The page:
Unfamiliar Territory

I somehow agreed to moving from West Hollywood to New York City with my partner after dating for a whopping 8 months. She’d been accepted to an awesome MBA program in Manhattan and I hated my job, so it worked. Yes, U-Haul’ing, I know… Probably the biggest reason I agreed was that we had agreed to move back to California in two years, after her program ended. You can do anything for two years.

My parents and siblings did not think this was a good idea (I have 4 older, opinionated siblings). This was completely unfamiliar territory for them. Nobody in my family has ever lived outside of California. I know that no parent wants to send their child into a situation without being able to offer some kind of road map. With all of their doubts, I constantly had to act like I’d never been so sure of any decision in my life. I acted like 100% of me wanted to go, but it was probably more like 51%.

I was just scared. I had no idea what I was doing. I mean literally, like the actual process. Like how will we get to our apartment once we arrive with so much luggage? And what about furniture? How will we furnish it and get groceries without a car? Also, I’m directionally challenged. How will i learn to navigate a place that operates so differently from what I know? I hate trains. 3,000 miles is far. I cant just drive home when I’m feeling sick and want my mom to take care of me. Or what if Marnie and I break up? Will I stay there, on my own or move back? What if I can’t find a new job? Or make new friends? What if I regret missing out on everything here, like seeing all of my nieces milestones?

The night before leaving, I was hanging out with my sister talking and squishing stuff anywhere it would fit. I couldn’t focus on anything she was saying, I just felt so nervous. She finally got in my face and with her best older-sister, genuinely concerned look, she asked me if I was scared. I started bawling. I was so insanely far out of my comfort zone. I felt like I was giving up so much by choosing to go. Like everything was starting to speed in one direction and I couldn’t make it stop or even slow it down. I was a ball of emotion from that point. As my mom and sisters drove me to the airport, my sisters were unsually quiet and my mom kept tearing up. She told me about 342 times that it wasn’t to late to change my mind. Seeing her scared for me helped me pull my shit together. I didn’t cry at all the day I was leaving. I wanted to show her that she had absolutely nothing to worry about. Then as soon as her car started to roll away, I had a panic attack (literally).

It was dark when we arrived at the Kalahari, our 400-unit two-tower building and were welcomed by a smiling doorman. We had finally made it! Throughout the process of getting there, I stopped feeling scared, it just all became new and exciting. It was strange to look around knowing that this will all become home for me. We set down our suitcases, one of which contained our temporary blow-up mattress, in the empty apartment and left to explore the neighborhood.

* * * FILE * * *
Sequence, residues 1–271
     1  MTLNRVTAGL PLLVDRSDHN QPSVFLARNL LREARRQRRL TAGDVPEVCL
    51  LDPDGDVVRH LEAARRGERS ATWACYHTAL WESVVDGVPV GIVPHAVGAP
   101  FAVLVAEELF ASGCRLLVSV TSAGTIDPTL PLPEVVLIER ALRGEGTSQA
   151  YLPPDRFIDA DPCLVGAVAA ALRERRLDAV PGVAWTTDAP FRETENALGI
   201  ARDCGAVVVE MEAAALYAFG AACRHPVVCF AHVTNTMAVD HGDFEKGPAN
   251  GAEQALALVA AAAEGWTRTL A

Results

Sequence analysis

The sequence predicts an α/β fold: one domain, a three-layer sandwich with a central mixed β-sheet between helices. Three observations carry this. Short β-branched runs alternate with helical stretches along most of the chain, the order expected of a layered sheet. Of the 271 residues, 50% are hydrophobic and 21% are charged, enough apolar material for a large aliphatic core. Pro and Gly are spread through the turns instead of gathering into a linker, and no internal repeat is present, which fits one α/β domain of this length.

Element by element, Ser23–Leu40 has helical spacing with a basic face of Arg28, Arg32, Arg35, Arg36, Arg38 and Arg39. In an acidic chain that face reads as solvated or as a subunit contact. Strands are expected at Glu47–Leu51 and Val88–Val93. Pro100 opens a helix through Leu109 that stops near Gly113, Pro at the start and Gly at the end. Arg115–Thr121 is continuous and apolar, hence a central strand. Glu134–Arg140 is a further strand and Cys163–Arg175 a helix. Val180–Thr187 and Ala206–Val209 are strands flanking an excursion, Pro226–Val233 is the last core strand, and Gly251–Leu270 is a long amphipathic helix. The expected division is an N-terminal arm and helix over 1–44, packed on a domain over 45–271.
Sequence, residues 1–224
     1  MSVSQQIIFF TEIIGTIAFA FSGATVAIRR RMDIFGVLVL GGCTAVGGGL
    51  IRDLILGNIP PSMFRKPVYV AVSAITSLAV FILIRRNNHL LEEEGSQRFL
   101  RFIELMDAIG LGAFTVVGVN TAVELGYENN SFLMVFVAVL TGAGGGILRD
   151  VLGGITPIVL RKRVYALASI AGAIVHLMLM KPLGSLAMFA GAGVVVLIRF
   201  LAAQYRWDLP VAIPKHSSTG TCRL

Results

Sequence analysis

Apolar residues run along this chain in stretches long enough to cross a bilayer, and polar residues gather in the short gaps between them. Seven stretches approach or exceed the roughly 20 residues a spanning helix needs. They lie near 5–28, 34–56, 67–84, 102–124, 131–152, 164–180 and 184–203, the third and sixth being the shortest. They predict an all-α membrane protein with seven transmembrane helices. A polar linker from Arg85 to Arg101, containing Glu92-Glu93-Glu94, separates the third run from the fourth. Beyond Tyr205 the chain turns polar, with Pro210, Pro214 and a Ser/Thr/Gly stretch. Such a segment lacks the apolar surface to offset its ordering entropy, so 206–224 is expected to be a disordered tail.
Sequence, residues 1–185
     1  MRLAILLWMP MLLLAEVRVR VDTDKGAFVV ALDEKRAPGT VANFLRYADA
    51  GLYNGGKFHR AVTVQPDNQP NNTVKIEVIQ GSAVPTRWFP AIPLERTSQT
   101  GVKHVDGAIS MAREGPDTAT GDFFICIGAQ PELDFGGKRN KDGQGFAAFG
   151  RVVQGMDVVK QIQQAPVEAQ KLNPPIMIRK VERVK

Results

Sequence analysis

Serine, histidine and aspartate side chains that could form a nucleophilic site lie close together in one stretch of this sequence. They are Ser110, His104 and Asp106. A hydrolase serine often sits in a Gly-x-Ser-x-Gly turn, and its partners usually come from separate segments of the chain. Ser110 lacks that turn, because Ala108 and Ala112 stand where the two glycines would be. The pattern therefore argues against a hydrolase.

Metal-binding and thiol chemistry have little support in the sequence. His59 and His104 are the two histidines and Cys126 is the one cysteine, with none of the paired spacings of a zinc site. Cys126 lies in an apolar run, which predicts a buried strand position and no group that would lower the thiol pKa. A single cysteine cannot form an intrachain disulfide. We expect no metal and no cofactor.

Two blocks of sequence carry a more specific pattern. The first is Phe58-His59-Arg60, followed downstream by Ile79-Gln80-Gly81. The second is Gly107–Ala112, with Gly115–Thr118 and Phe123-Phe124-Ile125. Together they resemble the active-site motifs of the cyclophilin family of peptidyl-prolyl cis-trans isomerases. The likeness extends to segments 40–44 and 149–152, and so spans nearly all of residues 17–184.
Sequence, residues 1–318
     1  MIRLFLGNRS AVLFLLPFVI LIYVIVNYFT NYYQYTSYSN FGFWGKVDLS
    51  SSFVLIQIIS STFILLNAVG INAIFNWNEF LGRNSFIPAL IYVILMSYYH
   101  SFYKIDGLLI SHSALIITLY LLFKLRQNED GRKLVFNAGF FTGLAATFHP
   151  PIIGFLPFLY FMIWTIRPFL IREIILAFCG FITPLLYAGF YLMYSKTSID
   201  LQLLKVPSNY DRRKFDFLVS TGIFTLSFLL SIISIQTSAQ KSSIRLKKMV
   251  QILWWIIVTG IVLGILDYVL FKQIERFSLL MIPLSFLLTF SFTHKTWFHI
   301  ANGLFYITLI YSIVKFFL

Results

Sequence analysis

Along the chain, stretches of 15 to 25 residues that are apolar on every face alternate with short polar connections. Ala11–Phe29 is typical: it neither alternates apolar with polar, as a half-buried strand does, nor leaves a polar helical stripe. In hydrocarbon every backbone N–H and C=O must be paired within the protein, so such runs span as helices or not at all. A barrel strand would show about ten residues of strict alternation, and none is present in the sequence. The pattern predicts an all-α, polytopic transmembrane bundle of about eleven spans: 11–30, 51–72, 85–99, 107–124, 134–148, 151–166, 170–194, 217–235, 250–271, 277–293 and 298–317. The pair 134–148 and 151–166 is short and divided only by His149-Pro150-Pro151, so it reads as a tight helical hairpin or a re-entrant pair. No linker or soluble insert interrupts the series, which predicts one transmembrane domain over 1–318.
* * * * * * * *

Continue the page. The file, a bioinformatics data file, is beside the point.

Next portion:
Our first week here was entirely dedicated finding and buying everything that wasn’t worth shipping across the country. We found a bed, lamps, a kitchen table and chairs, a couch and small things, too, like light bulbs and shampoo.  Harder than finding all those things, though, was figuring out how to get it all back to our apartment without a car. Cabs, trains, moving services, generous people with cars and Amazon-second-day-delivery all became part of the process.

Okay, I’ve been here for 7 months now and here’s what I’ve learned about NYC so far:

  • Cabs tell you if they are full, off duty, or picking-up depending on which light is lit up on top of their car
  • If delivery is a possibility – YOU USE IT
  • Local trains stop often and are slow and express trains are faster and for farther distances
  • Times Square is similar to a less sexual version of Las Vegas
  • It is completely normal for organizations here to be over 100 years old
  • People connect here in a really beautiful way, partly because they’re forced and I’ve never experienced connections like this in Cali
  • If the subway station has a green bulb outside of it, you can buy/refill your card in that station
  • If a  town-car (aka a gypsy cab) offers to drive you to your destination, negotiate the price BEFORE you get in
  • There never needs to be a sober driver
  • You can get any food you want delivered at 4 a. m. (extremely dangerous)
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2 responses to “Unfamiliar Territory

  1. Becky- that is super rad that you did/ are doing this. You are younger than me, but I am so proud of you. I only met Marnie once, but I could tell that you really make each other happy. Keep on keepin on girl! Your an inspiration to us all.

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